Ran qPCR on the Taylor water filter DNA extracts from yesterday using V.tubiashii 16s primers (SR IDs: 455, 456). Used RE22 DNA as a positive control, provided by Elene. Master mix calcs are here. All samples were run in duplicate. Plate layout, cycling params, etc can be found in the qPCR Report (see Results).
All samples amplified, including the negative controls. Negative controls exhibited very weak, late amplification. Additionally, many of the samples have a “shoulder” or apparent double-peak present in the melt curves. Will repeat to see if I can eliminate amplification in negative control samples.
Performed qPCR on all 12 samples. Used the following primers, provided by Elene, to detect V.tubiashii expression:
Used RE22 DNA (provided by Elene) as a positive control. Master mix calcs are the same as yesterday’s qPCR, but using the primers mentioned above. Plate layout, cycling params, etc. can be found in the qPCR Report (see Results). All samples were run in duplicate.
Positive control worked in all primer sets. All no template controls were clean for all primer sets.
Only one sample (#411) produced any amplification. Amplification was detected in the vtpA primer set (mean Cq = 38.06). However, there was also amplification detected in one of the two replicates for sample #411 in the rseA primer set (Cq = 39.09).
400mL O/N culture (1x LB+1% NaCl, 37C, 150RPM, 1L flask) of V.vulnificus (STRAIN??) and V.tubiashii (Strain: RE22) were pelleted (4300RPM, 25C, Sorvall ST-H750 rotor). Supe was removed and pellets were each resuspended in 50mL sea water. 1mL was taken from each to use for dilutions to determine colony forming units (CFU).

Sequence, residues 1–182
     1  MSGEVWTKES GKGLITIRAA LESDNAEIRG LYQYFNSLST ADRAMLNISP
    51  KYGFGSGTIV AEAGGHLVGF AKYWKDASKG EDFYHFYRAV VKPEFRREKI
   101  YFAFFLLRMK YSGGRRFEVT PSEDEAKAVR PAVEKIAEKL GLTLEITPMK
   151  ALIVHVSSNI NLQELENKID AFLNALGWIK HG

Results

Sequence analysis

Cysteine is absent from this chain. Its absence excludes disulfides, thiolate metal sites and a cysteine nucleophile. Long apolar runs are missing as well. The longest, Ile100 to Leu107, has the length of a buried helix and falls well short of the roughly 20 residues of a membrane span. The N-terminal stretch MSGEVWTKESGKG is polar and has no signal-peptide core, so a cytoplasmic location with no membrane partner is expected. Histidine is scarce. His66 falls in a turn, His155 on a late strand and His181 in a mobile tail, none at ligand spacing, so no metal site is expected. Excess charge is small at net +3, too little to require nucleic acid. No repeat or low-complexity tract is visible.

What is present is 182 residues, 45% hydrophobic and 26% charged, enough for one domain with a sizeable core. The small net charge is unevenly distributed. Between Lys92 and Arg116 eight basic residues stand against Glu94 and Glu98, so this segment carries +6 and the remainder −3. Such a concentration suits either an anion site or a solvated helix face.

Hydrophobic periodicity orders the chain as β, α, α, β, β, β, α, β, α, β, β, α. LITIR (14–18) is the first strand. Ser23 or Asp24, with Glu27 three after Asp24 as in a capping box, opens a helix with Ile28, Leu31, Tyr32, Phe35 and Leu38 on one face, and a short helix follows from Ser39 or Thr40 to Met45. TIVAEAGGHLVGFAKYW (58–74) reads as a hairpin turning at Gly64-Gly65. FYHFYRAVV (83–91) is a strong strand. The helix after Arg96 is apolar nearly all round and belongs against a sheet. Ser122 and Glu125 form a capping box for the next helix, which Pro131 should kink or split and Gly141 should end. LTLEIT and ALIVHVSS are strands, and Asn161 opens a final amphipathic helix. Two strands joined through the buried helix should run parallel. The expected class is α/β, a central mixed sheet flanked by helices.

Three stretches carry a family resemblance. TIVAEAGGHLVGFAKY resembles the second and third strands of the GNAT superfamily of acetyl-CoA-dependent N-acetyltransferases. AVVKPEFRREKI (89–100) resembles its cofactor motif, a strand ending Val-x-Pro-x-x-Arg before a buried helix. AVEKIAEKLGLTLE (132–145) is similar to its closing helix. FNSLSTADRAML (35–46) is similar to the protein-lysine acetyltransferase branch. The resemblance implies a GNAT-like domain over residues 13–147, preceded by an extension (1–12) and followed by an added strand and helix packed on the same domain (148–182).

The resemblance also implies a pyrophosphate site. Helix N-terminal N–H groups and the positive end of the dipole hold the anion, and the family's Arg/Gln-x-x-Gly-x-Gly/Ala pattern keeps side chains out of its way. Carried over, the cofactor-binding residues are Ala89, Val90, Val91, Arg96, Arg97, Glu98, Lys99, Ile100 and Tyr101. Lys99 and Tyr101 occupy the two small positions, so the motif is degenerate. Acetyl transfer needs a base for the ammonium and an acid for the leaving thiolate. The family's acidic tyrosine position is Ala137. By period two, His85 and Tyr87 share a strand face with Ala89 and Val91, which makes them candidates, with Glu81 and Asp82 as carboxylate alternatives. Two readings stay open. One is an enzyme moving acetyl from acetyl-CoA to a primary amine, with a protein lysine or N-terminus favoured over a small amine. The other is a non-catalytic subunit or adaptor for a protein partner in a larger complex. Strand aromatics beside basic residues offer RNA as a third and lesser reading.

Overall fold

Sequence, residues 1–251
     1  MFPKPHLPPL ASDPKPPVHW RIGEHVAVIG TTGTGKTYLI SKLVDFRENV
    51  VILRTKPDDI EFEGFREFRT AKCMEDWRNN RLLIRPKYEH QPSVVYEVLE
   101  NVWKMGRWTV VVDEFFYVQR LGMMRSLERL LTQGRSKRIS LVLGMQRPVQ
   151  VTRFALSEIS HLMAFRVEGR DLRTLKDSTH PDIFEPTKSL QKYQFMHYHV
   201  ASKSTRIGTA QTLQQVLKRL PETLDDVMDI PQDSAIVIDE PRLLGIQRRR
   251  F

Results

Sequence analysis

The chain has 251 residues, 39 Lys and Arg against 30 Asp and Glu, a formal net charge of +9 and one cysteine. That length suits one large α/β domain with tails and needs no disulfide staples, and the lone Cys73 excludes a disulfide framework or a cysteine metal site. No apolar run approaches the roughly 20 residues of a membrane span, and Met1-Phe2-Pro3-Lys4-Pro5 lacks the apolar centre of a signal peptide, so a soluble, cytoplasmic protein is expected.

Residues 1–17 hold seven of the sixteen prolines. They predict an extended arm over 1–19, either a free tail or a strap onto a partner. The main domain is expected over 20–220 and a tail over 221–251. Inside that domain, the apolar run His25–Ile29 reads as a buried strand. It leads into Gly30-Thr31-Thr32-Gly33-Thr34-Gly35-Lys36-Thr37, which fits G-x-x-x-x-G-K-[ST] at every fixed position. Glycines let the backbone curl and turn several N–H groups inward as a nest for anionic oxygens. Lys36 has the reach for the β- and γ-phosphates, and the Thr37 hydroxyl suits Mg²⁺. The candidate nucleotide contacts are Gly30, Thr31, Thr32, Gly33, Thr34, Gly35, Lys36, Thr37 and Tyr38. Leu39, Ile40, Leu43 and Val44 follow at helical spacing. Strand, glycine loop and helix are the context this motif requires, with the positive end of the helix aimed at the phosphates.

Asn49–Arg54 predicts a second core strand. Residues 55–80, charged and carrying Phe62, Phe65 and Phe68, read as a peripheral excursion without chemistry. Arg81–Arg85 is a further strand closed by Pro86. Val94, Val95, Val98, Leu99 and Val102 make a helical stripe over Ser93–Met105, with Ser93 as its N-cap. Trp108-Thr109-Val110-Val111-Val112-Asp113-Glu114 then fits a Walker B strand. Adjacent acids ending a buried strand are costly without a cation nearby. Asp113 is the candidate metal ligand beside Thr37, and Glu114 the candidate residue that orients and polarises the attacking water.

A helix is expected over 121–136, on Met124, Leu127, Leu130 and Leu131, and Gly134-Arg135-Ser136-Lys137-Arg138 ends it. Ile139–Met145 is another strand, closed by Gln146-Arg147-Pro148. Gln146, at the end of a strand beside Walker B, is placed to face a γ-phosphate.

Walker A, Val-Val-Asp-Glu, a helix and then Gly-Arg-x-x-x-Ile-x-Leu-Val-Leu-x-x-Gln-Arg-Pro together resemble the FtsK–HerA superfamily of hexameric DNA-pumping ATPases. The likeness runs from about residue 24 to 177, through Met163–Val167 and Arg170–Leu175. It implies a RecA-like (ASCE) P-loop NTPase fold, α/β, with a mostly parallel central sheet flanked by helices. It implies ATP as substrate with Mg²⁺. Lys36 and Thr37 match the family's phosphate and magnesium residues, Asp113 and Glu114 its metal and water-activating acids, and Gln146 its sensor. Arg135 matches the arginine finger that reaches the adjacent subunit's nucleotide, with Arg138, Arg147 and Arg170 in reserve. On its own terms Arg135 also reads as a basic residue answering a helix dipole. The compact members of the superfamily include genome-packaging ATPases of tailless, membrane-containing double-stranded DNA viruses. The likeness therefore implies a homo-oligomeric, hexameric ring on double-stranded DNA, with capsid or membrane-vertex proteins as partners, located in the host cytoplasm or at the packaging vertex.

Two containers were set up with each containing 16 C.gigas, and air stone and 8L of sea water. The entire 50mL of V.vulnificus was added to one of the containers. 8 oysters were sampled (gill and mantle tissue) from each container at 1hr and 3hrs after the addition of V.vulnificus culture and immediately frozen on dry ice. Samples were stored @ -80C in the “Gigas Vibrio Exposure 1,3hrs 1/11/11″ box. Additionally, 1mL samples of the water were taken at each time to determine CFU in the water.
In addition to the samples taken above, the following tissues were taken from 5 control oysters at the 3hr time point and treated/stored in the same fashion as the others, specifically for assessment of cyclooxygenase tissue distribution analysis: muscle, digestive gland/gonad (difficult to differentiate)
Utilized to sets of primers obtained from the Friedman Lab: VptA (referred to as “Hasegawa”, even though the reference article calls the primers Vtp A) and Vt IGS (referred to as “Lee” primers, presumably from a published article). For template, used “RE22 DNA” that was given to me by Elene. Tube is dated 9/10/09 and has no indication of concentration. Performed qPCR on a set of 10-fold dilutions. Plate layout/qPCR set up is here, along with dilution series used.
The VptA primer set generated a nice looking set of dilutions with appropriate spacing (~3.2 Ct/10-fold dilution). HOWEVER, the raw fluorescence signal is very low (only 0.4 units; good signal is usually 3-5-fold higher) AND the melting curve doesn’t look that great. The melting curve could look poor due to the low signal, since it doesn’t come up much higher than background levels.
It should be noted that the low fluorescence levels generated could simply be due to the amplicon size generated by these primers. The amplicon size is only 63bp. An amplicon of this size might not be able to incorporate significant amounts of dye to generate a “normal” level of fluorescence (1.25 – 2 units).
The Vt IGS primers failed to generate any product.